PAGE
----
Caucasian Mountain Honey

The mild climatic conditions in the mountainous and middle mountainous areas of North-Western part of Azerbaijan allowed the development of wild beekeeping tradition, called “tekne”, since ancient times. Tekne is a hollowed wooden log, a replication of the natural habitat of the bees in trees. They are mainly carved from soft trees, traditionally linden or alder. Sizes of wood logs vary between 1 and 1.50 meters in length and 40-50 centimetres in diameter. The log is cut in half then carved to create a space for the bees. After both parts are tucked tightly and the entrance hole is made, the bee family is placed inside to settle in. Teknes are usually placed at an altitude between 600-800 meters, where the flora allows the bees to collect pollen from chestnut, apple, pears and peach trees. Honey is collected once a year, usually during last week of July. The amount of collected honey is around 1-3 kg per hive. Tekne honey is usually darker in colour and denser, the taste is more intense too.

After the wide introduction of frame hives in the 19th century, tekne hives, less productive, were increasingly replaced, and wild beekeeping techniques became rare. Additional wax foundation present in unstrained honey produced with honeycombs makes its flavour more familiar and pleasant to modern taste. Making of tekne hives is also more expensive compared to the modern approach. Therefore, currently only few beekeepers in mountain regions of North-Western Azerbaijan are preserving tekne beekeeping method.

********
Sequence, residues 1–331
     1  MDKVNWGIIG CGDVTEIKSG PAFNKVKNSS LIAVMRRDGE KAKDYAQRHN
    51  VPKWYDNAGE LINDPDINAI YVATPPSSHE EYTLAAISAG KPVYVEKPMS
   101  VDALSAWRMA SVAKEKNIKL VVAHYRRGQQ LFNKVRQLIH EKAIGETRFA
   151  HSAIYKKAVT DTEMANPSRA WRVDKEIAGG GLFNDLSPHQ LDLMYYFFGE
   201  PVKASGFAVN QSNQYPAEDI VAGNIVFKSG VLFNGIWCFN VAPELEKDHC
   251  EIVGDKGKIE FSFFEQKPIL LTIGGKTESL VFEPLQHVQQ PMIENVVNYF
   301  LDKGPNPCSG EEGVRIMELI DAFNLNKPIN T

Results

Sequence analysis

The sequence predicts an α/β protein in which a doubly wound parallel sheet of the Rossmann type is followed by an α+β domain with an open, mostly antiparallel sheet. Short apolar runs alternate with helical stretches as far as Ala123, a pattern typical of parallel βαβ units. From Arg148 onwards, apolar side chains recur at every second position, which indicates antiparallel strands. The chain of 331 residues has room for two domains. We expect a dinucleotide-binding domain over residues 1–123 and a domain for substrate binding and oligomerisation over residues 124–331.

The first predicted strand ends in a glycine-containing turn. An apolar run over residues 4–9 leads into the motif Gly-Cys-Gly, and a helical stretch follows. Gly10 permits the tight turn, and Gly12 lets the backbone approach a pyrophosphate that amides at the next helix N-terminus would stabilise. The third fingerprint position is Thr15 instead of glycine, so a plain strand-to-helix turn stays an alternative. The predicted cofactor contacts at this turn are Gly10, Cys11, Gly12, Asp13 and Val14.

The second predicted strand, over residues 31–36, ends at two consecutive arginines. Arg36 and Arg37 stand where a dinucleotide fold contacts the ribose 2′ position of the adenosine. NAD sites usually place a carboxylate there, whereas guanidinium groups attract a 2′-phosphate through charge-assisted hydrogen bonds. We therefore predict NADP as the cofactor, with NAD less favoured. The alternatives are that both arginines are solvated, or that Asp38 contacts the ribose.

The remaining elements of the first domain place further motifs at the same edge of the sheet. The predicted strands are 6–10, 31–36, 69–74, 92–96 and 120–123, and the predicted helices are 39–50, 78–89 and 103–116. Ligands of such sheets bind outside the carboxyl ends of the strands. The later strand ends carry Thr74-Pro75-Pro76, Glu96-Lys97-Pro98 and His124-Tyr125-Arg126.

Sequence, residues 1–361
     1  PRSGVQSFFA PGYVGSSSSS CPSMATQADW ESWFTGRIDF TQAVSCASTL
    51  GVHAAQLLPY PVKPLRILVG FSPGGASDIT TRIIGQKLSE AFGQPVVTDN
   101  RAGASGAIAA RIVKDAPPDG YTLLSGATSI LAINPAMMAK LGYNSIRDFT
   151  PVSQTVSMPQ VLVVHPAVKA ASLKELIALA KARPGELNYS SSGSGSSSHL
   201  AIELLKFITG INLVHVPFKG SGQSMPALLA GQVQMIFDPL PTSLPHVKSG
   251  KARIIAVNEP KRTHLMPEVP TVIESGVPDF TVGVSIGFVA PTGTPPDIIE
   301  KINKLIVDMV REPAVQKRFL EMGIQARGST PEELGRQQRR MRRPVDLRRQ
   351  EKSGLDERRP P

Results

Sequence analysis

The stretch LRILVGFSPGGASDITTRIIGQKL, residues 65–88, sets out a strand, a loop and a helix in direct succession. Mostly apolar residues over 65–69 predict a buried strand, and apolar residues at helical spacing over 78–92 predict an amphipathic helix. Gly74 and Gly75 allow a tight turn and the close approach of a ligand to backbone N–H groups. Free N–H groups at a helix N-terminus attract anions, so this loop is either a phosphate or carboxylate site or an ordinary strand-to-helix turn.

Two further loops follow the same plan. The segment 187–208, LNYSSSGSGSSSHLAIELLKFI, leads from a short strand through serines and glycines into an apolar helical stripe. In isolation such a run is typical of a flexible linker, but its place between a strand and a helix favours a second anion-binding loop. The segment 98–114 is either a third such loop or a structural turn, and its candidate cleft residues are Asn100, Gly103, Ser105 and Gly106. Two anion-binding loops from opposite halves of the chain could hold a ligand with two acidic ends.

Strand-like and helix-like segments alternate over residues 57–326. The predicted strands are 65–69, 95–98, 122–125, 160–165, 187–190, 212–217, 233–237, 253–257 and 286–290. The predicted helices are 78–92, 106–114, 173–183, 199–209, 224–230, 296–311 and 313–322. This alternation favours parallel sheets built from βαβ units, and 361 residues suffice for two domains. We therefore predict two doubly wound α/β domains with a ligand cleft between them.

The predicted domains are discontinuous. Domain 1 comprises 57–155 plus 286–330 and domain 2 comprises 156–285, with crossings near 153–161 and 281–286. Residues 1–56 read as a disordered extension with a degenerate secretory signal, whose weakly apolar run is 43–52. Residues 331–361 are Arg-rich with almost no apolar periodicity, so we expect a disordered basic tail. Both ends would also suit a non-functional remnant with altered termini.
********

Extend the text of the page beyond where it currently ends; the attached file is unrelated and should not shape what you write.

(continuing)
Tekne hives were always home for the Caucasian Mountain Grey honeybee (Apis mellifera caucasica) — local breed of the Caucasian Mountains with a longer tongue, which enables to get nectar from more types of flowers and in larger volumes, and other particular characteristics that allow them to fly better in cooler conditions and overwinter. Despite these qualities, its high resistance and its docility, less and less Azerbaijani beekeepers choose this breed over others.

The revival of ancient tekne method should go hand in hand with safeguarding of Caucasian Mountain Grey honeybee. The Presidium engages beekeepers who are motivated to produce high quality mountain honey, either with the traditional Tekne method or with the Caucasian Mountain Grey honeybee or, ideally, both. The production protocol signed by producers respects the insects and the ecosystem in which the apoids are raised and establishes the full adherence to the traditional production techniques of honey harvesting and processing.